Over 42,000 people in Ohio qualify for the state’s medical marijuana program, but only half of the said number have opted in, the state records show.
When the patients were asked the reason for their lethargy, almost all of them provided the same answer- money.
Though the prices of medical marijuana products have come down, it is still by far the biggest barrier for most patients. One such patient is Mary Alleger of Reynoldsburg, who has been prescribed a marijuana treatment to relieve chronic pain.
“The lowest price I saw for (a daily supply) was $28, and it took a while before I saw anything for less than $29,” Alleger said. “This is not sustainable.”
Another patient by the name of Anthony Cordle of the Far West Side, who likes to refer to himself as a “high tolerance user”, is using medical marijuana to treat Post-Traumatic Stress Disorder (PTSD). He too has similar woes, “It costs me over $1,000 a month to buy cannabis.”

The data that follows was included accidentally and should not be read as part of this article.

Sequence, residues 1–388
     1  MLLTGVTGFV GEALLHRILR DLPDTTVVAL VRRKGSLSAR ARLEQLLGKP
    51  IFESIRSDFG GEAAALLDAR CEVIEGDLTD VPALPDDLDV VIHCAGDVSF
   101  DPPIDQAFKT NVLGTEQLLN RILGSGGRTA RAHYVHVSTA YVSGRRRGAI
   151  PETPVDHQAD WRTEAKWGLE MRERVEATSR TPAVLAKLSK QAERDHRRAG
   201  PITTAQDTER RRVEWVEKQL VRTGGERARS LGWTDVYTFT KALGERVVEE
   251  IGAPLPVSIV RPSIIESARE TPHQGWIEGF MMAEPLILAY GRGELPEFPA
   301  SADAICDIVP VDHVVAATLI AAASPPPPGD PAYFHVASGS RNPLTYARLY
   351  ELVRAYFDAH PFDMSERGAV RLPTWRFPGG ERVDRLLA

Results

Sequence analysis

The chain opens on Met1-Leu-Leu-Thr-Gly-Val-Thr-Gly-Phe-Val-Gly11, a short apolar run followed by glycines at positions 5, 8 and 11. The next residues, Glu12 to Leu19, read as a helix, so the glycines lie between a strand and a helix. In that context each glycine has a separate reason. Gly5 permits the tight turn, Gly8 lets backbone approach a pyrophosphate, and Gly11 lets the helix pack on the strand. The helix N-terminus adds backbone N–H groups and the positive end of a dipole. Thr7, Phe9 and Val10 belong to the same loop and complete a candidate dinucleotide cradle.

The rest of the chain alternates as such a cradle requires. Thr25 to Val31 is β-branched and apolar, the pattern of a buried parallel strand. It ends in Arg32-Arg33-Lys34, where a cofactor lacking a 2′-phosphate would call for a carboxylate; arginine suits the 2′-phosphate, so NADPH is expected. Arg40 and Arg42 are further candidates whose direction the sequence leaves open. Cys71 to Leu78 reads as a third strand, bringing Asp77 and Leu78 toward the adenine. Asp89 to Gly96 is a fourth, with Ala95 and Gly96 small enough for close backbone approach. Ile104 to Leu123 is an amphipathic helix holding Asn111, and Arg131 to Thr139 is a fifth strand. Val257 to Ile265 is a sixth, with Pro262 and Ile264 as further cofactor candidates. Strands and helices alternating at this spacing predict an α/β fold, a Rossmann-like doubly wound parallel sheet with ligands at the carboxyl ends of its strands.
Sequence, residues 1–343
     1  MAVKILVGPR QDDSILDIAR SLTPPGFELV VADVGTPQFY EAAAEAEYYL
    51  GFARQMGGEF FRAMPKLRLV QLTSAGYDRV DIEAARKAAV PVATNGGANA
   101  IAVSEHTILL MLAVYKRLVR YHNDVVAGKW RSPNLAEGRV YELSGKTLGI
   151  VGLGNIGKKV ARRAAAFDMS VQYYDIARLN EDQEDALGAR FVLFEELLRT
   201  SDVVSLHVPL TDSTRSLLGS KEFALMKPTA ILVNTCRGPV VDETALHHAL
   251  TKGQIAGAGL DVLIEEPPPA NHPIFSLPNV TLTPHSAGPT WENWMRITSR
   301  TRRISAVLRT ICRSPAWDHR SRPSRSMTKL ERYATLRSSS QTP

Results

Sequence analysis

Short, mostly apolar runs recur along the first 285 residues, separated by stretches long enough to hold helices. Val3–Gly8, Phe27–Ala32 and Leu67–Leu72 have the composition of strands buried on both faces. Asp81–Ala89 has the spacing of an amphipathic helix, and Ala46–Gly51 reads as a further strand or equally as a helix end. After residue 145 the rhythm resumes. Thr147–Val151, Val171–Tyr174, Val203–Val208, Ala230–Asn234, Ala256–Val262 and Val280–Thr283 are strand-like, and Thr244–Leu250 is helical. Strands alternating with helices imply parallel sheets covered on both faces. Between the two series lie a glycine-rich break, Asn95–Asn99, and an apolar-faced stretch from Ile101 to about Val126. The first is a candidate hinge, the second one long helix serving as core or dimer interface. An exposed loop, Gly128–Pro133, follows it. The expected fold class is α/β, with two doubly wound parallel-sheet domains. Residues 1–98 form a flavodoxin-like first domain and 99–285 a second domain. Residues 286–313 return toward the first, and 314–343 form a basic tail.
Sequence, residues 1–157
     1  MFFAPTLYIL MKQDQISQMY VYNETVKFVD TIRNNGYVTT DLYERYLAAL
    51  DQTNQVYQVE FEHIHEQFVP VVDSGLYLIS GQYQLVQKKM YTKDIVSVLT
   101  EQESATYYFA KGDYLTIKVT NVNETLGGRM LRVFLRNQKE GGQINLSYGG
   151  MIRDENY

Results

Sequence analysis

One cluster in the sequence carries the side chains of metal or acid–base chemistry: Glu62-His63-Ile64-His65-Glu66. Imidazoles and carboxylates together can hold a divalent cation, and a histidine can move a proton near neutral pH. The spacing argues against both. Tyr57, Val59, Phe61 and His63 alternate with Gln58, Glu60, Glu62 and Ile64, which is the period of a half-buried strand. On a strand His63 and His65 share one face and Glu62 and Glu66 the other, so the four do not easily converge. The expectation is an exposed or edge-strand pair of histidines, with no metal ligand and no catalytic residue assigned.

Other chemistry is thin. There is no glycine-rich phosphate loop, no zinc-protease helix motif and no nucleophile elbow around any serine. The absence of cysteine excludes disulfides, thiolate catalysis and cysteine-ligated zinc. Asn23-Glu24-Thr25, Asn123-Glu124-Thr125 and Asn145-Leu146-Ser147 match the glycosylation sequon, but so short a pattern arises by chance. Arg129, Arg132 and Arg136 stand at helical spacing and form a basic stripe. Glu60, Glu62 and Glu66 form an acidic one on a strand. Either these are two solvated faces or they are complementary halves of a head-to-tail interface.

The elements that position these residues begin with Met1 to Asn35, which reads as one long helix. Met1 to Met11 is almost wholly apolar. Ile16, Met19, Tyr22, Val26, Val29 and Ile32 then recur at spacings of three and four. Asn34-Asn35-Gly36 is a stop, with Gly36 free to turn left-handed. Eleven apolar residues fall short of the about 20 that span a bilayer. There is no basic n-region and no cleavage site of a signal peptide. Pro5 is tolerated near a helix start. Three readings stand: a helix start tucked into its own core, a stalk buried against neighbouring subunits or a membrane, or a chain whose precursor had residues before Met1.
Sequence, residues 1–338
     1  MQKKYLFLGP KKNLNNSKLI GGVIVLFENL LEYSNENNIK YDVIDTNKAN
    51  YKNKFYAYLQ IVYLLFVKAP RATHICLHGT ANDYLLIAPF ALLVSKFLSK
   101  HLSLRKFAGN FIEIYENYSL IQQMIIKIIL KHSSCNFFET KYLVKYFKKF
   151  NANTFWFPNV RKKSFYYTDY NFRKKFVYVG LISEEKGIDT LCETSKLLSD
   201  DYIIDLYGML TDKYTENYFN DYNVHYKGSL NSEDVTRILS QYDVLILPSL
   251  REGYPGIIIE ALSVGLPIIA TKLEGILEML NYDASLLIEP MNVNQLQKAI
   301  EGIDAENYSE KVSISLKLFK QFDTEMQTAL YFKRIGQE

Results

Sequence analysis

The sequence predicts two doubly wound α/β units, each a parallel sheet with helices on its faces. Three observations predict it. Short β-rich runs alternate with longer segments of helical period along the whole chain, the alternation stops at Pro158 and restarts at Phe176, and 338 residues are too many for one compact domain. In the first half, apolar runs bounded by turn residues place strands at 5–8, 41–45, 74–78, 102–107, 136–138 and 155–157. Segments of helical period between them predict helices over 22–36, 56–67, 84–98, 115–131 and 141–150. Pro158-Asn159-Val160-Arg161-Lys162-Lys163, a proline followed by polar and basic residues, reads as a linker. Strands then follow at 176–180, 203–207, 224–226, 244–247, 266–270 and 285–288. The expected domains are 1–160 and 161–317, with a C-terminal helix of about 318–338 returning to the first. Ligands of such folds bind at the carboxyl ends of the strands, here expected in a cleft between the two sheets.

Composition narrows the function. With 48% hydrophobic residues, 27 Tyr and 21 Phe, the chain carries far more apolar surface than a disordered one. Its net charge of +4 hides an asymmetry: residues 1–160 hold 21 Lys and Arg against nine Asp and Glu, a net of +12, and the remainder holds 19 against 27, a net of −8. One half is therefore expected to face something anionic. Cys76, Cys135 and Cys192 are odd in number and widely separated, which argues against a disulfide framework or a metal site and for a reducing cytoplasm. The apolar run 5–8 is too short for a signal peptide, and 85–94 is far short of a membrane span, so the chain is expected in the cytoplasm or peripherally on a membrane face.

Since Cordle doesn’t experience the nightmares that once wreaked havoc on him, he doesn’t mind paying such an amount – though he thinks it would be better if the drug were cheaper.
At present, only 18 of the 56 provisional dispensaries that were bestowed with a provisional license have been given the final go-ahead to start operations, thus a large number of people have to travel long distances to get their medical marijuana supplies.
“There’s one dispensary within about 50 miles that I can shop at,” said Steve Concilla, who lives in Hilliard and uses marijuana to relieve chronic pain. “But before it opened, it was unrealistic for me to drive across the state to buy it.”
Notably, costs of MM products are expected to fall as more cultivators, processors and dispensaries open.
Many Ohioans don’t even mind traveling to Michigan for their marijuana supplies as they find vastly lower prices there, despite factoring in the price of gas.